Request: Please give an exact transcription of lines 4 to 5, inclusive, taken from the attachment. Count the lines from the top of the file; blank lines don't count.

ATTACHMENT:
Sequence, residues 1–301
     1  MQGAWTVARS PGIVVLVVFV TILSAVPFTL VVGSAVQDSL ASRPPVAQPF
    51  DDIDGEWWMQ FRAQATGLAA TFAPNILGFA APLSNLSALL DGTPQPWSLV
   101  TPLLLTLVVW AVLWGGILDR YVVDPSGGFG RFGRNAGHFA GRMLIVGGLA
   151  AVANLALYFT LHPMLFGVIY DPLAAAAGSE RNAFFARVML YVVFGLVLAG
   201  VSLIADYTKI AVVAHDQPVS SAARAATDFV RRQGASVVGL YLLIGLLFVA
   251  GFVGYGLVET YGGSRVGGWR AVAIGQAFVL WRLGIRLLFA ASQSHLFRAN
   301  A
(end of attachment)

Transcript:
   101  TPLLLTLVVW AVLWGGILDR YVVDPSGGFG RFGRNAGHFA GRMLIVGGLA
   151  AVANLALYFT LHPMLFGVIY DPLAAAAGSE RNAFFARVML YVVFGLVLAG